Economic Citizenship Opportunities

In late March, I remember reading an interesting article in the Antiguan press.  Apparently, the Prime Minister of St Vincent and the Grenadines, Dr. Ralph Gonsalves, had made some negative comments on economic citizenship.  Specifically, he stated that his country would not recognize economic citizenship granted by any of the territories in the Organisation of Eastern Caribbean States (OECS).  The Chairman of the Antiguan Labour Party, Gaston Browne, described Dr. Gonsalves’ position as ‘foolish.’  The article said that Dr. Gonsalves had campaigned against economic citizenship in his native land and is philosophically opposed to the idea. He said only people who had attained citizenship in OECS countries through traditional means would receive the same rights and privileges in SVG.

Normally, one can qualify for citizenship of a foreign country on the grounds of birth on its territory, marriage, lineage, or religious affiliation, or through naturalization. Naturalization normally requires several years of permanent residence in the country (3 to 10 years).  However, economic citizenship or citizenship-by-investment is a legitimate program supported by a given Government where citizenship is provided to foreign investors in exchange for a substantial contribution to the country’s economy.  Three countries that are fairly well known for its economic citizenship programs are Dominica, St Kitts & Nevis, and Austria.

I remember my first consulting job in Eastern Caribbean in the late 90s when my team leader commented that economic citizenship was the way of the future.  He explained to me that no longer will citizenship be an accident of birth. Still, more and more people of means will begin to acquire second and third citizenships that work to their advantage and their families’ advantage.  More than a decade later, I now see just how right he was.  More and more of us have second citizenships that help us professionally, access educational opportunities, etc.  In the war of words between the Antiguan Labour Party Chairman and the SVG Prime Minister, I cannot help but think that the SVG Prime Minister needs to steer the debate towards ensuring that people of dubious backgrounds do not exploit such programs as opposed to just blindly opposing such programs.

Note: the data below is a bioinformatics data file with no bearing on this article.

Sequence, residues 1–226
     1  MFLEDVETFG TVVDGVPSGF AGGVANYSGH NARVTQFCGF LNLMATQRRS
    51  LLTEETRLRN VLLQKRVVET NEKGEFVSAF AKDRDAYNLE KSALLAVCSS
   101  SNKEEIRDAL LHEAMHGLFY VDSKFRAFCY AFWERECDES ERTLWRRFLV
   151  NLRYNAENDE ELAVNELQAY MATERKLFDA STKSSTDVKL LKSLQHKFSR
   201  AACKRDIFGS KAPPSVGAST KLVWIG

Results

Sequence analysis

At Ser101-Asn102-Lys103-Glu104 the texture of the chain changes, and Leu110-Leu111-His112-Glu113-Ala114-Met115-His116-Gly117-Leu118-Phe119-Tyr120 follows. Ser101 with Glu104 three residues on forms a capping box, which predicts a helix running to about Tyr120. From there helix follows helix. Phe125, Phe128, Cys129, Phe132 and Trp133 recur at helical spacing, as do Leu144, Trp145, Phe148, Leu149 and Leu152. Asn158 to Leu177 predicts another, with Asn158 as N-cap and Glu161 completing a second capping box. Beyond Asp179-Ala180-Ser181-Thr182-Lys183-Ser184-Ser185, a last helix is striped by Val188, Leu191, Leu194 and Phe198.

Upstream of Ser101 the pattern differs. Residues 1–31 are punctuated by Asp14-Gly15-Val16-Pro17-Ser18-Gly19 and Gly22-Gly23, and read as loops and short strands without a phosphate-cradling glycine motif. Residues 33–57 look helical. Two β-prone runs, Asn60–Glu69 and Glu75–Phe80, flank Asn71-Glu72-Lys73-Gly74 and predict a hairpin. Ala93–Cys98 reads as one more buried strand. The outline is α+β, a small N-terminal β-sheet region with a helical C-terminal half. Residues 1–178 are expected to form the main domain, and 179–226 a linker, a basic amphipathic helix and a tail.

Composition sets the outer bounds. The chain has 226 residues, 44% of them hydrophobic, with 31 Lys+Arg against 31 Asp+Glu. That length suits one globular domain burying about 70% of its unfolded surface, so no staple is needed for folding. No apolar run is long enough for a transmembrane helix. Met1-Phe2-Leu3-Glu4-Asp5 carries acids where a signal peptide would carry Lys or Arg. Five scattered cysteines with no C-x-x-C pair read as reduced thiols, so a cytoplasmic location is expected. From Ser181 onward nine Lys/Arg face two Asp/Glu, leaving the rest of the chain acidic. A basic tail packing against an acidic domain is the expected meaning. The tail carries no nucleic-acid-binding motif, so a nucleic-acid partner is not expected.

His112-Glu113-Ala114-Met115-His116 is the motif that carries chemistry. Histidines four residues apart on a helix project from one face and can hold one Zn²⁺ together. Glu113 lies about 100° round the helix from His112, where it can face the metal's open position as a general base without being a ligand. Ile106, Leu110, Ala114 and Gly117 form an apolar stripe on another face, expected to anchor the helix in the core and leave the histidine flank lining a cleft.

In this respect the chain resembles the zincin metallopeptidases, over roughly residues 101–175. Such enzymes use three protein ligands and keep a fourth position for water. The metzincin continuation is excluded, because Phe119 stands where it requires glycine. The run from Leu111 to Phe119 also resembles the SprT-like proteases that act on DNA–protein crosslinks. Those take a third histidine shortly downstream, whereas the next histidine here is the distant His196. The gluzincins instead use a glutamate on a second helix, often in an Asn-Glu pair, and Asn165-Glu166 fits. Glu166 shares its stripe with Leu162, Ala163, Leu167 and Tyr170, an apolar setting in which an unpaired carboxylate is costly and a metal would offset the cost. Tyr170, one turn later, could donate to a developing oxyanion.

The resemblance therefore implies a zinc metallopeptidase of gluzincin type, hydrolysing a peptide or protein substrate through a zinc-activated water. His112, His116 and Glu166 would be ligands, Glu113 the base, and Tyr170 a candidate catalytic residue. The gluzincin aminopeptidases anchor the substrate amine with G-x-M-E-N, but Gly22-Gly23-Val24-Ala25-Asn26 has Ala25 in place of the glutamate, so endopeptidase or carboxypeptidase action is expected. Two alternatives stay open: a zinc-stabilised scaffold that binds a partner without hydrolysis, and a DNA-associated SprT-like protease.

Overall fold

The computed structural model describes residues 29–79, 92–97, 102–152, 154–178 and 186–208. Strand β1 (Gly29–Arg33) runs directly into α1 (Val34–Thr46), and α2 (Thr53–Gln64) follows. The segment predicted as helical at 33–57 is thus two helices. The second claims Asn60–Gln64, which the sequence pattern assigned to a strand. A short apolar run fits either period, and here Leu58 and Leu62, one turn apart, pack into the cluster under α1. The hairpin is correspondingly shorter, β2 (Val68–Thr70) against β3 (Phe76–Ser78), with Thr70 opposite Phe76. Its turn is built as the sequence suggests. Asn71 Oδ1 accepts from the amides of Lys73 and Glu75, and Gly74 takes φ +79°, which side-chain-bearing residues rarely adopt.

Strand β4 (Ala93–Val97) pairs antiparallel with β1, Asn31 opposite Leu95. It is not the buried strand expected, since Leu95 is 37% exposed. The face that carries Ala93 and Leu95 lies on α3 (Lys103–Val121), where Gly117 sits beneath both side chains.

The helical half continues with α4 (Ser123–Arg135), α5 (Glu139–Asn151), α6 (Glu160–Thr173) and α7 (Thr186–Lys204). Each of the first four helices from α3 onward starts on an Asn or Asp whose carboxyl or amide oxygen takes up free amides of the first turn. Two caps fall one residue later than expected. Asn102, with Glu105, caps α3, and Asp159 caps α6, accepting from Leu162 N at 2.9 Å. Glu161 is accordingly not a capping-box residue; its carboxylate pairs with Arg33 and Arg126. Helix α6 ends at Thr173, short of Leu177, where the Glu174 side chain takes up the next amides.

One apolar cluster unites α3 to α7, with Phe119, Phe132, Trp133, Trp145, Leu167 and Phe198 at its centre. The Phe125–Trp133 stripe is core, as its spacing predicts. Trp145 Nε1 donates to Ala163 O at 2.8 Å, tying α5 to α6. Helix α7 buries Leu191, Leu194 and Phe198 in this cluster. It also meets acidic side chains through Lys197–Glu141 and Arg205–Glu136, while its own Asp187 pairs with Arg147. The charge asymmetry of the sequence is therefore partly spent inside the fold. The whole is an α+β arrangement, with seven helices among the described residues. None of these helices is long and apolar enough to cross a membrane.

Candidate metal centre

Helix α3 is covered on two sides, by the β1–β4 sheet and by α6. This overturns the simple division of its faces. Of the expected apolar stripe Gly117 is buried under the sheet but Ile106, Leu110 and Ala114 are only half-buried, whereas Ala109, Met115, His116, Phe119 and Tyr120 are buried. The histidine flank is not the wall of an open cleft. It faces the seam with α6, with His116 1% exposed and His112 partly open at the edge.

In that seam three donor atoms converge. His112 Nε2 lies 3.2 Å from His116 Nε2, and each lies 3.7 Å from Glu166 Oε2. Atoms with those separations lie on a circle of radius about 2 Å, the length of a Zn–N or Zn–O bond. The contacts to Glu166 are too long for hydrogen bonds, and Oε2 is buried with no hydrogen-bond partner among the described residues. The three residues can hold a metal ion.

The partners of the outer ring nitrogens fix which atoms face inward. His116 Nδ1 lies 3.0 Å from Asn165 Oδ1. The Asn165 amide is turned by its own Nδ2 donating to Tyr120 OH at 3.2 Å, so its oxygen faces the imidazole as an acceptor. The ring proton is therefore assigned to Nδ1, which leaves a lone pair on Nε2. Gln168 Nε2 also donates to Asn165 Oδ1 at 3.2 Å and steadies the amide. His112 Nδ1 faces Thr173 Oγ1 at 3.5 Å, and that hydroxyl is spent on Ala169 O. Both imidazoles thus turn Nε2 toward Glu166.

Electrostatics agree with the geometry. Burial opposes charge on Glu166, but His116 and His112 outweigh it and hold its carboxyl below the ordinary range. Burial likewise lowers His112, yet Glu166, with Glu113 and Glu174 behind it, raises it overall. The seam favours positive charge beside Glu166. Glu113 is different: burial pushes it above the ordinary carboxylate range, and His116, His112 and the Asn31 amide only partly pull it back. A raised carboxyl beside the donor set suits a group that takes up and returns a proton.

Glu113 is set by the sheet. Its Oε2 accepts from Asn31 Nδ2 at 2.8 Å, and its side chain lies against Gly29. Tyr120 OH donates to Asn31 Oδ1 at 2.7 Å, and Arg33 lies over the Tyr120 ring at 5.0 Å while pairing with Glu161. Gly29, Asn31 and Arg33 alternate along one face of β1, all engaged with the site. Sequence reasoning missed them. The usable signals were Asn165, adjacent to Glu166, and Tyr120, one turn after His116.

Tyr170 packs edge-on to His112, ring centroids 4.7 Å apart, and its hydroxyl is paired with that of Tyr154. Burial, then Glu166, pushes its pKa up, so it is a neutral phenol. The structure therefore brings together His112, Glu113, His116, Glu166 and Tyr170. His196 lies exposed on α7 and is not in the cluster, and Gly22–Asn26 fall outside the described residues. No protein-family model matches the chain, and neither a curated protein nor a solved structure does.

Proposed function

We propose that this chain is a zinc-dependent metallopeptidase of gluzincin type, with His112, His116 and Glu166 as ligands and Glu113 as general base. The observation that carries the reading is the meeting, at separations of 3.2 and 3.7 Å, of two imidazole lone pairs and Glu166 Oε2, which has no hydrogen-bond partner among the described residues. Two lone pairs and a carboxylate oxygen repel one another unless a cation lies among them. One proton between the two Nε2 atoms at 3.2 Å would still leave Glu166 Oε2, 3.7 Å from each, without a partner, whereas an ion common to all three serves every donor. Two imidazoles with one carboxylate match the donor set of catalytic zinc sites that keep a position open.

In today’s world, the demand for economic citizenship continues to increase.  Sometimes we pay so much attention to the Russian or Asian investors that we forget that the United States is still an important market.  The Economix blog started around June 2011 on the New York Times website has an interesting thread on American citizenship renunciation and actually has a chart compiled with data from the Federal Register, which clearly shows that the number of high nets worth Americans renouncing citizenship is climbing.

The IRS’s increasingly aggressive stance now means that, for higher net worth individuals, an American passport could be more of a burden than a blessing.  The United States continues to be the only developed country that not just taxes its non-resident citizens on their worldwide income but has what some see as quite onerous reporting requirements as well.  Just as an example of the reporting requirements, any American citizen or green card holder who owns or controls a limited liability company in a foreign country must report it to the IRS or face fines of US$10 000.  The penalty for not reporting certain foreign financial assets can be so large that they can bankrupt even taxpayers’ wealthiest.  The National Taxpayer Advocate, in her recent annual report to Congress, criticized the I.R.S. with respect to how it has handled recent offshore voluntary disclosure programs.
Federal Tax Singapore

The Caribbean region is the most tourism-dependent region on earth. As visitor numbers to the English speaking Caribbean remain soft, it makes sense to look at other related options such as economic citizenship.  Some territories continue to experience a boom in higher-end second homes.  I have seen some incredibly beautiful housing developments in my own travels, presumably catering to foreign-based high net worth individuals in Barbados, St Lucia, and St Kitts.  The Caribbean remains attractive to those looking for English-speaking, politically stable, lower tax jurisdictions.  Most Caribbean territories have programs to promote inward investment, but many need to review in light of competition from other parts of the world.  Despite the post-2008 economic challenges, clearly, the demand for investment opportunities, including second homes, is still there, and the region needs to demonstrate that it is still open for business.

My name is Derren Joseph, and I love the Caribbean region.  Despite our current challenges, I continue to have the audacity of hope that we will all enjoy a brighter tomorrow.

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